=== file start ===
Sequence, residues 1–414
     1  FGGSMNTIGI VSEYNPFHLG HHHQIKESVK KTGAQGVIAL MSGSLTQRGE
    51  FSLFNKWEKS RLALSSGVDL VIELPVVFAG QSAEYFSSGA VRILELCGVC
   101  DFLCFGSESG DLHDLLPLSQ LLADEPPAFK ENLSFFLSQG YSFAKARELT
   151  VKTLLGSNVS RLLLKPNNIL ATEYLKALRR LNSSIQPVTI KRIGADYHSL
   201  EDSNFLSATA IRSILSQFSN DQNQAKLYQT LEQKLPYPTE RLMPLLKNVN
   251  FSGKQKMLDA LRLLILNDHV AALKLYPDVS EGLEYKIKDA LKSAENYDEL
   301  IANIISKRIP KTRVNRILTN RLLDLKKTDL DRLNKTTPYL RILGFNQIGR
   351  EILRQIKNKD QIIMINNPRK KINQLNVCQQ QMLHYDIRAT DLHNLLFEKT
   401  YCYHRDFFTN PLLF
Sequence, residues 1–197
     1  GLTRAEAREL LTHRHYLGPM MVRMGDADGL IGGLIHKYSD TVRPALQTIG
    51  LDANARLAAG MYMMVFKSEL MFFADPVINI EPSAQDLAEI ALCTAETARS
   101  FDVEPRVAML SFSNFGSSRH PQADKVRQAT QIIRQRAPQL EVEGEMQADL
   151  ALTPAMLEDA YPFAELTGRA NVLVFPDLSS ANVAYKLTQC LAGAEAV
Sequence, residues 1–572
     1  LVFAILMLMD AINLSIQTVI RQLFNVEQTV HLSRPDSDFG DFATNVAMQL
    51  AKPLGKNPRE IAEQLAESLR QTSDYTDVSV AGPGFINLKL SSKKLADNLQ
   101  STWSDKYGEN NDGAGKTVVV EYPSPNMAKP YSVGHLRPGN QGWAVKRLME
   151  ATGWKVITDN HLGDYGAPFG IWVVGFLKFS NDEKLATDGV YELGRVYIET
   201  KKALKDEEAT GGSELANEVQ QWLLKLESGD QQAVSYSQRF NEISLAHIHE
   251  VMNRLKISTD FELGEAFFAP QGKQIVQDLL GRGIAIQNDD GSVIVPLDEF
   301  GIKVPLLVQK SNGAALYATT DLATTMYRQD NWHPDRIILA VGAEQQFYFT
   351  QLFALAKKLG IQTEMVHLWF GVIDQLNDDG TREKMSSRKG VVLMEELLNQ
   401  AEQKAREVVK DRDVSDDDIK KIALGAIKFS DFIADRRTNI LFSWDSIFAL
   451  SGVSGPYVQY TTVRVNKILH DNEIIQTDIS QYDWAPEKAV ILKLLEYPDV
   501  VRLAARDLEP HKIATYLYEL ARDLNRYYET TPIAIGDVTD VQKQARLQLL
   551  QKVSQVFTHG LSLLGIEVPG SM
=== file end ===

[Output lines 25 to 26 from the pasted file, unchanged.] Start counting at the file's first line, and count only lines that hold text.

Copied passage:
   401  AEQKAREVVK DRDVSDDDIK KIALGAIKFS DFIADRRTNI LFSWDSIFAL
   451  SGVSGPYVQY TTVRVNKILH DNEIIQTDIS QYDWAPEKAV ILKLLEYPDV